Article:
Watch what cigarettes really do to the lungs: Shocking video shows the difference between healthy organs and those of a pack-a-day smoker

A shocking video shows the difference between healthy lungs and those of a smoker who got through one pack of cigarettes a day for 20 years.

Uploaded by North-Carolina based nurse Amanda Eller, the videos show the black, cancer-ridden lungs of a heavy smoker failing to properly inflate.

This is compared to the healthy, red-coloured lungs that are shown inflating and deflating as normal in the videos, which have been shared more than 5,000 times.

Around 15 percent of adults in the US and 17 percent in the UK smoke cigarettes.

Smoking raises a person’s risk of developing lung cancer by approximately 23 times and is responsible for 87 percent of all related deaths.

A video shows the difference between healthy lungs (right) and those of a heavy smoker (left)

While trying to inflate the blackened lungs, a woman, believed to be Ms Eller, said: ‘Because these lungs are COPD, cancerous lungs, the elastance is gone, so they will stretch out but then the recoil of them just snaps right back.’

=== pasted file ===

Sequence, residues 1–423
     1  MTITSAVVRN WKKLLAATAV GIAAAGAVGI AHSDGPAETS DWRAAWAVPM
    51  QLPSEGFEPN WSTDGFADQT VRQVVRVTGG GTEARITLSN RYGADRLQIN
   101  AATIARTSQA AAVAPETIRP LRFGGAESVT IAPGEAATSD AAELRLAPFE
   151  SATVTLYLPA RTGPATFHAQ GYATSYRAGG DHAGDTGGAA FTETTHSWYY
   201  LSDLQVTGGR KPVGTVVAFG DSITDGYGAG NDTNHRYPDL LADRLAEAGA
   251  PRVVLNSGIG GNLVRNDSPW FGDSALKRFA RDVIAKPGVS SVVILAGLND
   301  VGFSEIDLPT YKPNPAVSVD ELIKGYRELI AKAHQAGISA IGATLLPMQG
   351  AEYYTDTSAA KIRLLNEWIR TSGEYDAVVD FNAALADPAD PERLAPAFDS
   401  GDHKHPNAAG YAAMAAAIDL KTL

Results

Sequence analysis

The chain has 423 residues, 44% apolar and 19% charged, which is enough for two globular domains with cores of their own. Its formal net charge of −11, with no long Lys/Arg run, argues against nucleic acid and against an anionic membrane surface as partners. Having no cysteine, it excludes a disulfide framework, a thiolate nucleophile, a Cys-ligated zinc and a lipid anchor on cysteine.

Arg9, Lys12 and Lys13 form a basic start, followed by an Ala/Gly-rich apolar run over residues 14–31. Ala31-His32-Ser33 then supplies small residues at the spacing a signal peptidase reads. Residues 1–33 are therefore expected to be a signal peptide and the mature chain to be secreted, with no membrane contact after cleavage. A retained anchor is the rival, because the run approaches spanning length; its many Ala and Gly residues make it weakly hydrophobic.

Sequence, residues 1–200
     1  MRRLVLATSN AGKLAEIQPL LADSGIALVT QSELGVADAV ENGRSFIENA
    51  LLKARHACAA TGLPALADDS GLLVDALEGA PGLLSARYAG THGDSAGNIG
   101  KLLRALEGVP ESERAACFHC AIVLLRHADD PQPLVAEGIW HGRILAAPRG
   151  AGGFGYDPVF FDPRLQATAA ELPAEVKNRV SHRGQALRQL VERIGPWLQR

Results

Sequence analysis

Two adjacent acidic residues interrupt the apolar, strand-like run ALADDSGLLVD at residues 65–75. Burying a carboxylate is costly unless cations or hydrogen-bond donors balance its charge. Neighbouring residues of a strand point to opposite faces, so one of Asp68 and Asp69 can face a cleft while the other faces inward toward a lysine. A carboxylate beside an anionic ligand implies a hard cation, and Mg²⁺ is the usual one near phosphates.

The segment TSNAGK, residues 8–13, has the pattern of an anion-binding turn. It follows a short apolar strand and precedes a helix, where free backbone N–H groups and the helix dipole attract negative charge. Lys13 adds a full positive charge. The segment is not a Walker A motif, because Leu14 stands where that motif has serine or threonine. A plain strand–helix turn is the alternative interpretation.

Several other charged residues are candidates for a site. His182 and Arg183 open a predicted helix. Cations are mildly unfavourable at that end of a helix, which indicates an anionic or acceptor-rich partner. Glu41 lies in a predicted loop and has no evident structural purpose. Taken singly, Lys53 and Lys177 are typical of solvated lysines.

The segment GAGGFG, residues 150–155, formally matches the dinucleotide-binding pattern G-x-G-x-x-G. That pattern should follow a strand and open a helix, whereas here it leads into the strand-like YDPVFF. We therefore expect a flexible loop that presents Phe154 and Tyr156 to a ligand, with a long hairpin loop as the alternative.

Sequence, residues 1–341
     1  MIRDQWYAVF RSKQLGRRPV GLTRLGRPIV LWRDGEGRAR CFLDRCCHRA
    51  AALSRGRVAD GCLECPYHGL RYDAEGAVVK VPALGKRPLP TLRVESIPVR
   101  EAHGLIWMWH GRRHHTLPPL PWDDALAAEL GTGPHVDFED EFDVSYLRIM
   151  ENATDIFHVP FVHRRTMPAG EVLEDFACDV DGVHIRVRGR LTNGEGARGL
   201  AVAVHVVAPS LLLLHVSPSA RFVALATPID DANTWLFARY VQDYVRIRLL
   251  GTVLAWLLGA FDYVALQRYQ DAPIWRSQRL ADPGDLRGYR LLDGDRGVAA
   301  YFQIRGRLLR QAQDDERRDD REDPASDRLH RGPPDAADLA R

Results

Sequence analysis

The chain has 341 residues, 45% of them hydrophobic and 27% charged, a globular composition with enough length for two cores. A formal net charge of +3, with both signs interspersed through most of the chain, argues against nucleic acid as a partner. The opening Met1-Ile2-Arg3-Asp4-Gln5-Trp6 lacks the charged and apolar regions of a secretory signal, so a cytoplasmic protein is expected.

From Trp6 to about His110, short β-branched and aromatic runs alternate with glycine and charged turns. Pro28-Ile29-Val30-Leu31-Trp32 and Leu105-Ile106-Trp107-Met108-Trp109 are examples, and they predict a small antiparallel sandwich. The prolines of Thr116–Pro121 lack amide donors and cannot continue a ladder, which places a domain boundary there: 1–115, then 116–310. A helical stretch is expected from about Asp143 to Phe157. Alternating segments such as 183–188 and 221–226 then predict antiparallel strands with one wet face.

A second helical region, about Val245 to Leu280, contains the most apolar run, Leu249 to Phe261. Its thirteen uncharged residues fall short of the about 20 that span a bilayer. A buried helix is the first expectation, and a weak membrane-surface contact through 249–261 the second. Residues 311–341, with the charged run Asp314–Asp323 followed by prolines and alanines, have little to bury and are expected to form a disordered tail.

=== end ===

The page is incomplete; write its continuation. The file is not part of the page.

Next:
Elastance is the ability of lungs to rebound after being stretched during inhalation. 

Reduced elastance suggests the lungs are stiff and have to work harder to bring in sufficient air, leaving individuals breathless. 

When a PEP valve was fitted to the diseased lungs, their capacity to inflate slightly improved. A PEP valve helps to clear and open airways in cystic fibrosis patients.

These diseased lungs were then compared to healthy, red organs, which swelled to full capacity when filled with air.

Ms Eller added: ‘You can see [after] inhalation and [during] expiration [the lungs] totally deflate.’

Nurse Amanda Eller explained healthy lungs can recoil, which prevents breathlessness

When a PEP valve was added to the healthy lungs, their rate of deflation slowed even more, which would allow people to absorb more oxygen.

Hard-hitting advert shows the damage smoking does in seconds  

This comes after a hard-hitting TV advert released last December showed how poisons from cigarette tar enter the bloodstream and flow through the body within seconds, causing damage to major organs.

The campaign also highlights how smoking can lead to elevated levels of cadmium, a metal used in batteries, in the blood, as well as cancer-causing nitrosamines and carbon monoxide.

Public Health England (PHE) released the advert to urge the country’s seven million smokers to attempt quitting in the New Year.

PHE director of health improvement Professor John Newton said people know tar damages the lungs, but it is less well understood that the poisons also reach the other major organs in the body.

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